Chamomile Infused Calming & Hydrating Oil

Chamomile Infused Calming & Hydrating Oil

I’ve been on an infusing kick lately! What is infusing you might ask? It’s when you throw dried herbs in a jar, pour in a carrier oil such as olive oil, almond oil or rosehip seed oil, heat the jar up, strain out the herbs and benefit from the “infused” oil! Simple process that yields a very customized DIY product! Go HERE to learn exactly how to infuse. Today, let’s take one of the most versatile and calming herbs and make a DIY chamomile infused oil.

Chamomile is a medicinal herb that was common in ancient Egypt, Greece and Rome. Chamomile was common during the Middle Ages when people used it as a remedy for asthma, colic, fevers, inflammations, nausea and skin diseases and cancer.

Chamomile Benefits:

  • Calms redness and irritation
  • Counteracts sun damageLevomenol is found in chamomile and is known for reducing photodamage and improving skin elasticity.
  • Speeds wound healing
  • Anti Aging properties

Chamomile is one of the most calming and soothing herbs. Infusing chamomile in to an oil and having that oil on hand is a helpful staple for any natural medicine cabinet. Not only can it be used as a gentle sunburn soother, rash soother or dry skin soother-it also can be used in healing balms or just simply applied to broken, damaged skin for accelerated healing. 

Uses for a Chamomile Infused Oil:

  • Healing/Calming/Redness Reducing Facial Oil
  • Gentle Facial Cleanser
  • Healing Salve
  • Body Moisturizer
  • Massage Oil
  • Hair Oil-Tame Frizziest and replenish damaged hair
  • Diaper Rash Salve
  • Hormone Balm
  • Muscle Soreness Balm

My chamomile infused oil was made with avocado oil. I like avocado oil because it is so insanely nourishing for dry skin.

According to Mountain Rose Herbs:

“Our unrefined organic Avocado oil is cold pressed from the soft green flesh around the pit of the avocado. Avocado oil is an emollient, highly penetrating oil. The natural content of Vitamins A and E work synergistically to improve the skin texture. The impressive nutritional profile of our Avocado oil makes it an ideal ingredient for inclusion in skin care recipes intended for dry, dehydrated and mature skin. Its notable content of unsaturated fatty and essential fatty acids also makes it ideal for inclusion in nourishing, moisturizing hair care formulations.”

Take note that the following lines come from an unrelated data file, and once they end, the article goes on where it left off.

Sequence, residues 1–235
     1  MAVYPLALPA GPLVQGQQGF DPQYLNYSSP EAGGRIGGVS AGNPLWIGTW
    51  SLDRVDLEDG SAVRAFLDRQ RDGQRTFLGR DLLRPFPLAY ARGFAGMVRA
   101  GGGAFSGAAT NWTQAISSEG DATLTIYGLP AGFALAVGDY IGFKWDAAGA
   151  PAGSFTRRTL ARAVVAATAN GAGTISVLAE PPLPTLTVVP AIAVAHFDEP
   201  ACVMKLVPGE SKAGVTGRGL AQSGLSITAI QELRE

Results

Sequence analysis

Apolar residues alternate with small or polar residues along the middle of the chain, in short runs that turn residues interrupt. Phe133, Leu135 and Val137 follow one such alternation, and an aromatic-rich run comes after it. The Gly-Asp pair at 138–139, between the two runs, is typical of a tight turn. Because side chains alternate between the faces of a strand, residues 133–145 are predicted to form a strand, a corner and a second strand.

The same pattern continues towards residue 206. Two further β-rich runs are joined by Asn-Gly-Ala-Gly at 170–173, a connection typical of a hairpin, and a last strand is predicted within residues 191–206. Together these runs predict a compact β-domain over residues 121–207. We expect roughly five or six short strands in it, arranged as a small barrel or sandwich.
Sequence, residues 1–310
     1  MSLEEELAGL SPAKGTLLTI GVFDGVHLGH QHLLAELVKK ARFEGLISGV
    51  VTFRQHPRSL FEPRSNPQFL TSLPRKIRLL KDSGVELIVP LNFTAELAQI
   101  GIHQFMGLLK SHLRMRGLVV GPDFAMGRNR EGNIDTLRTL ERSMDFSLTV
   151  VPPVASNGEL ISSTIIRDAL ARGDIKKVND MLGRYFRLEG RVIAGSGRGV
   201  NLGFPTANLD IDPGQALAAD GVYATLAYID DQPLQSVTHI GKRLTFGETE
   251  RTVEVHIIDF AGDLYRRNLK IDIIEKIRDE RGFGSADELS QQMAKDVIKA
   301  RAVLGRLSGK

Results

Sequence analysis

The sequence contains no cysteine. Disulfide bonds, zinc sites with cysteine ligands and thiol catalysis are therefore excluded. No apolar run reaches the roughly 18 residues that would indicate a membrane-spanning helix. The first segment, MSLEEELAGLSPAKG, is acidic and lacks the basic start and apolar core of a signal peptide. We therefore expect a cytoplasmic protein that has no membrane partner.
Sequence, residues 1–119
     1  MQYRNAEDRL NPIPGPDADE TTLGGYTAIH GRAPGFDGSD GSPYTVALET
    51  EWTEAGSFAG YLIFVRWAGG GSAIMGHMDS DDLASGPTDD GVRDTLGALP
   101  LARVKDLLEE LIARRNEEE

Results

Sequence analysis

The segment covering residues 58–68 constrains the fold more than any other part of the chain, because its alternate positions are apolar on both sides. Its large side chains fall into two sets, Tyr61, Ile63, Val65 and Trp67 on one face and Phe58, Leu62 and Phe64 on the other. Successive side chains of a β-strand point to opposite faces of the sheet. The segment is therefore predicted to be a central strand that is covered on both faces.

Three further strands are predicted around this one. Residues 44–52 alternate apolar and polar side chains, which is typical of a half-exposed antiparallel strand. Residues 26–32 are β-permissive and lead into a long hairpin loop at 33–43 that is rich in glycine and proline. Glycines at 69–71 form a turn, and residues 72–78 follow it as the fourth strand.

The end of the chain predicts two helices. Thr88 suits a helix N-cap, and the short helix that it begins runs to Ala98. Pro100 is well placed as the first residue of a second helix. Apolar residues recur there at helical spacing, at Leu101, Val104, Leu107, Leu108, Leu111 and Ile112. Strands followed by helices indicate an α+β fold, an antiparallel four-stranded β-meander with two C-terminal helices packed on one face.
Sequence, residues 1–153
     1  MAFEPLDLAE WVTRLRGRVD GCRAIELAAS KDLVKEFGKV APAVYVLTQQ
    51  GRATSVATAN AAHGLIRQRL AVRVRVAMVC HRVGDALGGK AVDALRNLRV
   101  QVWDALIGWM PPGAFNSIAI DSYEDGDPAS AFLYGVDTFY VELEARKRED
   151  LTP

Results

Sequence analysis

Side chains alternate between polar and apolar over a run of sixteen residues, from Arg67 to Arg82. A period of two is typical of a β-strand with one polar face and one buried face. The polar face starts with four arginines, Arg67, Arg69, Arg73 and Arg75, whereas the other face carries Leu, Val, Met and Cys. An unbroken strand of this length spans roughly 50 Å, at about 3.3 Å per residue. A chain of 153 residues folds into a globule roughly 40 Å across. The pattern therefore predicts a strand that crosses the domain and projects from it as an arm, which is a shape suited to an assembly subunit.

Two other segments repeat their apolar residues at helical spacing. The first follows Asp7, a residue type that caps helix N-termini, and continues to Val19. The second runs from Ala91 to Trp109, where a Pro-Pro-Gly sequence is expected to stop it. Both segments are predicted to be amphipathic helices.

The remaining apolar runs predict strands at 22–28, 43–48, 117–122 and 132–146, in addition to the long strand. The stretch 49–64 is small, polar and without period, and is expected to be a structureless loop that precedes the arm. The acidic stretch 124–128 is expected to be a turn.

You can use any carrier oil you’d like or have on hand. Almond Oil is a simple, yet beneficial oil that would work well. You could even use an organic olive oil or unrefined coconut oil! The options are endless. 

I made my chamomile oil in order to make a healing vaseline! I’m also planning to use it as a body oil this summer that will help replenish the skin after being in the sun. 

Find dried chamomile HERE.

Find avocado oil HERE.

Chamomile Infused Oil

DIY Chamomile Infused Oil:

  1. Fill a jar half way full with dried chamomile.
  2. Pour oil into the jar so that the chamomile is completely covered with your chosen oil.
  3. Fill a medium sized pot or crockpot halfway full with water. Place your jar in the water and heat the water to 120-140 degrees Fahrenheit.
  4. Keep the jar in the water for 4-8 hours.
  5. Once infused, use a cheesecloth or coffee filter and strainer to separate your herbs from the oil.  
  6. Once separated, use a funnel and pour oil into a glass jar or bottle. 

Infused Herbal Oil

Basic Salve/Balm Recipe:

1/4 cup  Chamomile Infused Oil

1 TBSP Beeswax 

Directions:

  1. Fill a pot half way full with water and place a glass pyrex measuring cup in the pot.
  2. Add beeswax and infused oil in the glass cup and allow to thoroughly melt.
  3. Remove from heat and pour in to 4 ounce glass jar. 

Infusing herbs is really such a rewarding practice! I hope you’ll explore the power of dried herbs and how effective and luxurious they can be when infused in to a high quality oil! It’s definitely worth your while!  

I buy my herbs and carrier oils from Mountain Rose Herbs because they’re quality is the best! Go HERE to shop.

 

xx, Jenni

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DIY Infused Chamomile Oil

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Jennifer Phillips
Jennifer Phillips

Jennifer Phillips worked as a licensed aesthetician for over 8 years before creating the natural skin care blog, Jenni Raincloud.

Find me on: Web | Twitter | Instagram | Facebook

4 Comments

  1. Mary
    May 14, 2020 / 8:05 pm

    Maybe I missed something in the recipe directions but if I leave the jar in the water does the water have to stay to temperature, or does it cool? If it needs to stay at temperature then the crockpot would be the best answer.

    • Jenni
      Author
      May 18, 2020 / 6:44 pm

      Mary-Yes, if you do the stove top method, the stove needs to stay on the entire time.

  2. Kara
    August 12, 2020 / 3:56 pm

    Sorry may be a silly question but do you get the nice sent of chamomile? I am thinking of making this as a massage oil and it would be nice if the oil had a nice smell. Also does Grapeseed oil work?

    • Jenni
      Author
      August 17, 2020 / 11:05 am

      Kara-It’s definitely a chamomile smell but it’s not like the chamomile essential oil which I find sweet. It’s a very woodsy, herbaceous smell you ned up getting. I would want to add some lavender to it for sure.

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